“I Don’t Have To Be Your Joy”: How This Holiday Season Taught Me To Be My Joy, And My Joy Only
By: Deveney Marshall
When people are asked to describe me, they normally use a bunch of positive adjectives. Then go on to elaborate on how I motivate them and put smiles on their faces, etc. In the past, I took pride in that, but for the first time last year, I found myself side-eying that aspect of myself. This past year hasn't been a very joyous one. There were a lot of days I found myself lost in a sea of sadness. I was depressed about all of the horrible things taking place in this country, and I was even more upset that I couldn't adequately express that sadness without it being misconstrued as me being the angry black girl. A label most expressive black women have heard to describe them at least once.
It's no secret that Black women are expected to take on this superhero persona, and be all things to all people. Or that when we don't we’re often labeled as "angry" or "abrasive.” Us experiencing a bad moment can turn into us having a bad personality very quickly and because of that stereotyping, most black girls find themselves having to be “on” all of the time. Unfortunately, this learned behavior places black women into one of two categories: the black girl that you can always emotionally depend on or the black girl that's ”careless” and "selfish."
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This holiday season, I made a conscientious decision I wasn't going to be the first one. I refused to be the go-to girl to put a smile on everyone's face. I was not in a festive mood, and I wasn't going to fake being happy just to not be labeled. This world comes with enough emotional trauma and the last thing we as Black women should have to worry about is being emotional waste bins for everyone else. Especially since when it is our turn to be supported usually no one can be found, or we're met with words like "you're strong, you'll be fine."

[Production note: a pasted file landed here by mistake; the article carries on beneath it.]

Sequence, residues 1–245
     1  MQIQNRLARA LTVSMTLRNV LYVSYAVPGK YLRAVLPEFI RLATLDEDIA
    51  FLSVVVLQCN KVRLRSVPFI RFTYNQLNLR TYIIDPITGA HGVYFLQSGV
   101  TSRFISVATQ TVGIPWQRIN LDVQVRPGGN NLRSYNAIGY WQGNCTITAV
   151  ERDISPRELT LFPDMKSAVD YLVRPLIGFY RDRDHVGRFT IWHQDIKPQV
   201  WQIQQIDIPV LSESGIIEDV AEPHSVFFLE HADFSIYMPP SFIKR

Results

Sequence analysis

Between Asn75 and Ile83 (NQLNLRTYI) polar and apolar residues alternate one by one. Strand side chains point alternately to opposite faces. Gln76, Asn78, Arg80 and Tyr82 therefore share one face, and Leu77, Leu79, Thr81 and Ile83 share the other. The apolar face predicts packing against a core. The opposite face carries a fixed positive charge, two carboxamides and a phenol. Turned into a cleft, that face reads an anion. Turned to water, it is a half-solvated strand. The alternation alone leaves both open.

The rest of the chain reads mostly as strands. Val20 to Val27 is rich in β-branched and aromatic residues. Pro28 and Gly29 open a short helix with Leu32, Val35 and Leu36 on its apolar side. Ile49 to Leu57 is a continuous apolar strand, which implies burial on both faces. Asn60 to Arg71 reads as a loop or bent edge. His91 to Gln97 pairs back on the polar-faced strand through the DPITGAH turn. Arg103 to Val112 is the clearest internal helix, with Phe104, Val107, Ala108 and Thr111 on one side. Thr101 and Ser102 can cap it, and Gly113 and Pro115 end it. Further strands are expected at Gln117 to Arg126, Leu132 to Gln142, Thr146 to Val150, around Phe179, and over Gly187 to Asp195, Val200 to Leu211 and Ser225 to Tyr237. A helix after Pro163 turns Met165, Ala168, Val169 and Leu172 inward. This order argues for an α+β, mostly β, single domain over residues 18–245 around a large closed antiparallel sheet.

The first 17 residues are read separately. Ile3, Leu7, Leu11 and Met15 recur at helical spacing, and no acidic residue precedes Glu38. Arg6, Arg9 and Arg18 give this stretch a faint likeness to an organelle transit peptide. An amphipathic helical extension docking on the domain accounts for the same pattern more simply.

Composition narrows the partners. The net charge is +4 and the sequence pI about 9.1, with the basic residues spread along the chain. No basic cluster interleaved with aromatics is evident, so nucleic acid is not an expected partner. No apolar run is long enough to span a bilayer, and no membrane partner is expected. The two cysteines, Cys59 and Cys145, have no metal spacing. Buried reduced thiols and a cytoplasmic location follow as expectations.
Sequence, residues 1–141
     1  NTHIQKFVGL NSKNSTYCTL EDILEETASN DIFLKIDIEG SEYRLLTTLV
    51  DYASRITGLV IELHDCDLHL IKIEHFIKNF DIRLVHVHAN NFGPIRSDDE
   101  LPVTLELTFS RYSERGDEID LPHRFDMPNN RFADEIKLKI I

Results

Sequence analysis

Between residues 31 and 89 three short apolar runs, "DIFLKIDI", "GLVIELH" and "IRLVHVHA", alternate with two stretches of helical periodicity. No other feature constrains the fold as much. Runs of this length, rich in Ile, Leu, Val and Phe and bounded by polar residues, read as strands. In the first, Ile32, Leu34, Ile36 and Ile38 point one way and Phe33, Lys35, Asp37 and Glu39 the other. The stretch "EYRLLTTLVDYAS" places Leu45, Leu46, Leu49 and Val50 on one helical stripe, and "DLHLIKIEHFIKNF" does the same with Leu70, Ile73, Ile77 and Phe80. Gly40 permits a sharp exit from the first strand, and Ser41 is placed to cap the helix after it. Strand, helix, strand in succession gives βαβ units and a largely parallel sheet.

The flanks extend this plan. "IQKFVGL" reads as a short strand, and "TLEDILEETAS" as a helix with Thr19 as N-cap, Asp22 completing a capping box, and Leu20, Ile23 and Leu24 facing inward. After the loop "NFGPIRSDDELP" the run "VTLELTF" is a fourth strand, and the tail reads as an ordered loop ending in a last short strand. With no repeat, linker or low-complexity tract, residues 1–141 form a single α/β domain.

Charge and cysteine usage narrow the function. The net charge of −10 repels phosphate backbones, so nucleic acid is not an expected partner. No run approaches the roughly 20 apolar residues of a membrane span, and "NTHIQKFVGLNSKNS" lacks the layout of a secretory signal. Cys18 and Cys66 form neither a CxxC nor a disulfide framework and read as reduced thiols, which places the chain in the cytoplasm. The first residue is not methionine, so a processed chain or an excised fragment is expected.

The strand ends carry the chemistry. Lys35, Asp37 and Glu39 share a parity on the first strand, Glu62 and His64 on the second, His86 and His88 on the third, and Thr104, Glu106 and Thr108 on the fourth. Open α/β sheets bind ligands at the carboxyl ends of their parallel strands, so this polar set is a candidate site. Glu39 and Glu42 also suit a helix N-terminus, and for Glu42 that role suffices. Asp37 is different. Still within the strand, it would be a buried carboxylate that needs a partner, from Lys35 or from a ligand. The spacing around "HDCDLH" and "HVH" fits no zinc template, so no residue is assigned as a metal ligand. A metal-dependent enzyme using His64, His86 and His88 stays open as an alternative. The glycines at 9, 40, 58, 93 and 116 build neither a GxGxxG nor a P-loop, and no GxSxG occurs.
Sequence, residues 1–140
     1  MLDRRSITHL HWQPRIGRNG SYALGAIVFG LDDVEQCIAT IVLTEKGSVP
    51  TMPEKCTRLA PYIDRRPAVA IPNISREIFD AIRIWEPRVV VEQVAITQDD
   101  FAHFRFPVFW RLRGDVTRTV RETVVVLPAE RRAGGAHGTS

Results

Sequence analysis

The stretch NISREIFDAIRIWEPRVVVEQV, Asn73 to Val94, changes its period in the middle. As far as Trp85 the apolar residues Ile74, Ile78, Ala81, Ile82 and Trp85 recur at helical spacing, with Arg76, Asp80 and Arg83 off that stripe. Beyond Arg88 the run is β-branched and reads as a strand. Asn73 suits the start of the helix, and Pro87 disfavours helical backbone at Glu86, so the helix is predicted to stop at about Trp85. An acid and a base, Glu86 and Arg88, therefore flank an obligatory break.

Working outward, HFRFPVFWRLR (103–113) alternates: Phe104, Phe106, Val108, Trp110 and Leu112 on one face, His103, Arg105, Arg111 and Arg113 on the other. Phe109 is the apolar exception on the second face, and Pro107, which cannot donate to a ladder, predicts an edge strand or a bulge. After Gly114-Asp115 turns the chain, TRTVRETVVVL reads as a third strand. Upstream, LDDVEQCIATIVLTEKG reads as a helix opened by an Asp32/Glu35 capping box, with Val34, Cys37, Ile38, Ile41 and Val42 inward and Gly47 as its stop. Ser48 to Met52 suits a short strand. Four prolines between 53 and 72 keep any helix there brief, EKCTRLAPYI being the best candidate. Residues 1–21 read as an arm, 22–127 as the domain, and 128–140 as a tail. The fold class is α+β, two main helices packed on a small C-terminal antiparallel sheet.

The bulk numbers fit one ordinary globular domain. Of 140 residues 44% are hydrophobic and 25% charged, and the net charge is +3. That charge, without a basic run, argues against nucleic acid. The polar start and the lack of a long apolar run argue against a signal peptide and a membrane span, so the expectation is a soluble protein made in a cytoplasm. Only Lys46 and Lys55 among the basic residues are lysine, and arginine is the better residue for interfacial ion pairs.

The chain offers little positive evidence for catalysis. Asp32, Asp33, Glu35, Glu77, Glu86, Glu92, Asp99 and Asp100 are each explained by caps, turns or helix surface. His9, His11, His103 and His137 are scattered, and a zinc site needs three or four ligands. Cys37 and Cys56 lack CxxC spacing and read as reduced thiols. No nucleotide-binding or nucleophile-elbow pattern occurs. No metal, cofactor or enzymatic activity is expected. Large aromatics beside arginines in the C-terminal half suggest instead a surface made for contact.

When the year began I made a promise to myself I was going to live a more authentic life. I promised myself that I would fully embrace whatever emotion I was feeling in any moment and if that made those around me feel uncomfortable that was not my problem. I had fulfilled that promise to myself for 11 long months and I was not going to break it just because it's Christmas time and I’m supposed to be in a happy mood. To some, it may not be that serious, but to me it was. Sticking to your guns is not something people expect from Black women and doing so helped me free myself in ways I didn't know I could.
As I write this now, I'm fully in the Christmas spirit. I'm excited to give gifts to my loved ones, and decorate my Christmas tree, but I didn't get to this place until I was darn good and ready. Let this post always serve as a reminder that you don't have to be what you don't want to be. If you're not feeling a positive emotion in a moment that's okay. Your life is for you, your feelings are for you, and if that upsets the people around you then they were never about you or your peace in the first place.
Remember this holiday to tis the season however you like.
*Deveney Marshall is a New Orleans-based filmmaker, actress, and freelance writer. She runs the lifestyle & beauty website thedevandthecity.com. Follow her thoughts & life on twitter and IG: @devandthecity
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